Sky City Reviews Adelaide Plan; Early Decision Sought

Sky City Entertainment Group Ltd., New Zealand’s largest casino operator, is reviewing expansion plans for its Adelaide casino in South Australia in a bid to limit the cost of the AUD 55 million (USD 51 million) project.

The proposal, including a AUD 30 million underground car park, has languished the past 18 months as profit fell at Sky’s key Auckland casino and the company fielded takeover offers for the group. Chief Executive Officer Nigel Morrison travels to Adelaide this week to review the Adelaide development plan and wants a clear decision on how to proceed by mid-year.

„It would be a very expensive car park to build,“ Morrison said in an interview from Auckland today. „I’m really looking to explore what the options may be.“

Sky is ramping up efforts to improve earnings from its second-largest asset after withdrawing Adelaide from sale late last year. It is increasing marketing after tight cost controls helped lift pretax earnings 19 percent in the first-half.

Sky bought Adelaide, sited in the city’s historic railway station building, for AUD 180 million in 2000. Plans for a 450- vehicle underground car park were first outlined in December 2003 as part of a AUD 76 million development proposal. Since then AUD 21 million has been spent on refurbishment.

Adelaide is probably the only major casino in Australia and New Zealand without a dedicated car park, Morrison said, adding he personally thinks casinos need them. Working from a protected building also limits some options, he said.

Still, Adelaide is a good casino and the company has no choice but to make it work, he said. „We can’t shy away from the competition,“ he said.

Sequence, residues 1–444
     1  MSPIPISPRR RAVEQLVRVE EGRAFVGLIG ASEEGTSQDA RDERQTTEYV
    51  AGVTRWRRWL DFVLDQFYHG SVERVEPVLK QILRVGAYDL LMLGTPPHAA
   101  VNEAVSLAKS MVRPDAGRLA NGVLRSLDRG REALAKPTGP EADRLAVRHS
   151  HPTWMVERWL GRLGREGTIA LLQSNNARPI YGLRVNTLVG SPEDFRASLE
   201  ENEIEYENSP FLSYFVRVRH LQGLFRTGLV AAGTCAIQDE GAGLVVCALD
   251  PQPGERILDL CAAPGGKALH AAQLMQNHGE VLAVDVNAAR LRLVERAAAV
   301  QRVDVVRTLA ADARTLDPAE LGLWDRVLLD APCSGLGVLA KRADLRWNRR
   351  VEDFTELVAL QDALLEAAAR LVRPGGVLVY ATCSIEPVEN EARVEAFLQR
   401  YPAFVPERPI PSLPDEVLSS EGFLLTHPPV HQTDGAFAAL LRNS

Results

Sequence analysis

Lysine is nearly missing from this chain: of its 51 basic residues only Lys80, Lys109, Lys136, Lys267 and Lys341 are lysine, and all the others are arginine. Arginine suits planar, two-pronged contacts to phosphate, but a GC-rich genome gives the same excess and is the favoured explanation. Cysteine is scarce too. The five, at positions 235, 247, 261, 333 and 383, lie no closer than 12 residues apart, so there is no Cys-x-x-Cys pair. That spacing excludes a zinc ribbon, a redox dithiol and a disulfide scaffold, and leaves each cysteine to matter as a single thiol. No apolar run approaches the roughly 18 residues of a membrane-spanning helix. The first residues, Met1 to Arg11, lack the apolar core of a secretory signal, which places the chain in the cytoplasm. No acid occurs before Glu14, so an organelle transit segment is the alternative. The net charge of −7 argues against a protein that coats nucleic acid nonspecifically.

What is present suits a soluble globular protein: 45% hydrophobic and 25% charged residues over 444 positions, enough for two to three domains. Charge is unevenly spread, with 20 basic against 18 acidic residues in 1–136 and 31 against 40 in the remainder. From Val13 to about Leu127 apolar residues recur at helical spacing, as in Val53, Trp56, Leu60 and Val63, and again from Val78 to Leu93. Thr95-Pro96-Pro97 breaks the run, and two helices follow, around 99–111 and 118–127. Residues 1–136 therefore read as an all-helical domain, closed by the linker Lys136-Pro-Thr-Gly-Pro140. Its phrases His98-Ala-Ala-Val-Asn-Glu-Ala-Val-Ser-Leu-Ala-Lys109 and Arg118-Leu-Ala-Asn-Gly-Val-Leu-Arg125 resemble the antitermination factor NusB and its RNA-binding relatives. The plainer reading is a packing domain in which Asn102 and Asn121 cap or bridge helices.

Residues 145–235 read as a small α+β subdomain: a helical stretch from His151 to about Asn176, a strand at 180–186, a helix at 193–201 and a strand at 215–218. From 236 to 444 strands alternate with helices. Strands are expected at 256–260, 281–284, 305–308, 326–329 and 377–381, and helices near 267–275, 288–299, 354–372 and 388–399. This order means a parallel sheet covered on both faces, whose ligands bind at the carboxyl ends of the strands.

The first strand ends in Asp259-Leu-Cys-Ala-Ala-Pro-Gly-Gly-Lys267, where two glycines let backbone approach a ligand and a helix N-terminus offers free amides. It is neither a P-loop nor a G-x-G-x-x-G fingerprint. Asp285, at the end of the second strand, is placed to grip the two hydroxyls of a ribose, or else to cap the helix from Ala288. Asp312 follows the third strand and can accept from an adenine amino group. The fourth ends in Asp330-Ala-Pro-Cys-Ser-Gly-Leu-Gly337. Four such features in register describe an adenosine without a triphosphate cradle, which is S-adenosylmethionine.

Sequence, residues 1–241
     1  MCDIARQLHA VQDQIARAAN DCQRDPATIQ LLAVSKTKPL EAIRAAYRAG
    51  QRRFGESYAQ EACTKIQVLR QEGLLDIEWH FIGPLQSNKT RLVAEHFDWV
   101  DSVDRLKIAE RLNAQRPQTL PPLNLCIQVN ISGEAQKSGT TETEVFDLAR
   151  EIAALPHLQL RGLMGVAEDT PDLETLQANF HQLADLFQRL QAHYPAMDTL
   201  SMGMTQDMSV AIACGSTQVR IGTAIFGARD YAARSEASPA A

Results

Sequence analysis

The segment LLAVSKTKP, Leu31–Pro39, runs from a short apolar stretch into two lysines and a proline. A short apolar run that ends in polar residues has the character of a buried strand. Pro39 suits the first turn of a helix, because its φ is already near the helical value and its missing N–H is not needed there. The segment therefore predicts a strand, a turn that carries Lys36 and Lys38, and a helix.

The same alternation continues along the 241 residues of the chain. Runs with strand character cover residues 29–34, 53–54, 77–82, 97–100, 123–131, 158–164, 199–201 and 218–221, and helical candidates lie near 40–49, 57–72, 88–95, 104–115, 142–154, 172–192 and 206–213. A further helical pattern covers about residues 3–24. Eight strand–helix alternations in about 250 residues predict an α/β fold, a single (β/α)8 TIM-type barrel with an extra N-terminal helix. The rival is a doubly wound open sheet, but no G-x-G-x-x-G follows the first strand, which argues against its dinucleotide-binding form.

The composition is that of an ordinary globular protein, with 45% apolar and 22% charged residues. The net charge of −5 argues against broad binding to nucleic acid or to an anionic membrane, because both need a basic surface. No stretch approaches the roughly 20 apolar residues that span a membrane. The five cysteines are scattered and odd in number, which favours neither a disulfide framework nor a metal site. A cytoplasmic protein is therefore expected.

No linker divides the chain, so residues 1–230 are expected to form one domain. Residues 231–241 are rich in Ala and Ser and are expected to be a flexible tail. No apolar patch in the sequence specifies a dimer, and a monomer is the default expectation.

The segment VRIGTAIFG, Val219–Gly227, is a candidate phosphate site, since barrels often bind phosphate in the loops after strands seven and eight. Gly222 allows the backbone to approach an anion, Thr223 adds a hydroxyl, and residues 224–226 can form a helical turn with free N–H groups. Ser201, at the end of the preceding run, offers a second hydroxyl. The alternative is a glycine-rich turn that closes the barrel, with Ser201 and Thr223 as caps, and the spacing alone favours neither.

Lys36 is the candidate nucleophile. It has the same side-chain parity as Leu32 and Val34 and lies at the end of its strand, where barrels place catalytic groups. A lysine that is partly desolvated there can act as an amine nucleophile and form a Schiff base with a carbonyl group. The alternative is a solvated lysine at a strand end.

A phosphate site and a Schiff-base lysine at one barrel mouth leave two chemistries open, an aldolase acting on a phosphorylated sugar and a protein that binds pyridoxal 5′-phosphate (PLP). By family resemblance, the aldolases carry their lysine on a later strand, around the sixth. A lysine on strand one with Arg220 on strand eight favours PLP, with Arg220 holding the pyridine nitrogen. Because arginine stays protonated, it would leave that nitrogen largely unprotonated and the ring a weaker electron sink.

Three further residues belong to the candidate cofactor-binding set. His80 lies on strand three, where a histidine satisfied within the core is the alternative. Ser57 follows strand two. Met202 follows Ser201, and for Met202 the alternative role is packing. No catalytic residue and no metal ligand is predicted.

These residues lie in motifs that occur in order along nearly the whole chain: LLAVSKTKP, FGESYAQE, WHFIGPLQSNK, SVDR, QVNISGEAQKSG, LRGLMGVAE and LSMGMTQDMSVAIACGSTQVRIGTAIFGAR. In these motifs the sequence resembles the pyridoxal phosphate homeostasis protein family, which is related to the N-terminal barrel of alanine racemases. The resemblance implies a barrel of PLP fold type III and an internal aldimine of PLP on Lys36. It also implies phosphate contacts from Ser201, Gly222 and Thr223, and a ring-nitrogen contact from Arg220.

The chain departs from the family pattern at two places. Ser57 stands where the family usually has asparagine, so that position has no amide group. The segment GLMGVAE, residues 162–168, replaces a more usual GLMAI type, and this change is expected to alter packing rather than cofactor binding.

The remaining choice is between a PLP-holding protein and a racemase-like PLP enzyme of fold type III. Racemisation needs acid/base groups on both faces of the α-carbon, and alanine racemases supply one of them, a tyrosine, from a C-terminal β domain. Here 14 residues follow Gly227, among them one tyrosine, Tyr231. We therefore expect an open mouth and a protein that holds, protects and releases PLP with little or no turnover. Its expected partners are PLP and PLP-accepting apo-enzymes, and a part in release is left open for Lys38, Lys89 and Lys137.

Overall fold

Shares Decline

Sky shares fell 18 percent the past three months as the possibility of a bid for the company evaporated. The stock fell 11 cents, or 2.8 percent, to NZD 3.77 at the 5 p.m. close in Auckland. The benchmark NZX 50 index fell 2 percent today as equity markets throughout Asia fell on concerns U.S. credit market losses may be spreading.

Morrison, former chief financial officer of Macau, China- based Galaxy Entertainment Group, joined Sky this month to replace Evan Davies who left the company in June. Director Elmar Toime held the role until Morrison took over.

At Auckland, the company’s biggest casino, customers are responding well to a just-completed upgrade, Morrison said. Still, more work is needed to lift performance in areas like maintenance, cleanliness and food and drinks service, he said.

Auckland has also lost some good gaming managers and the company will be looking to strengthen that capability in the next six months, he said.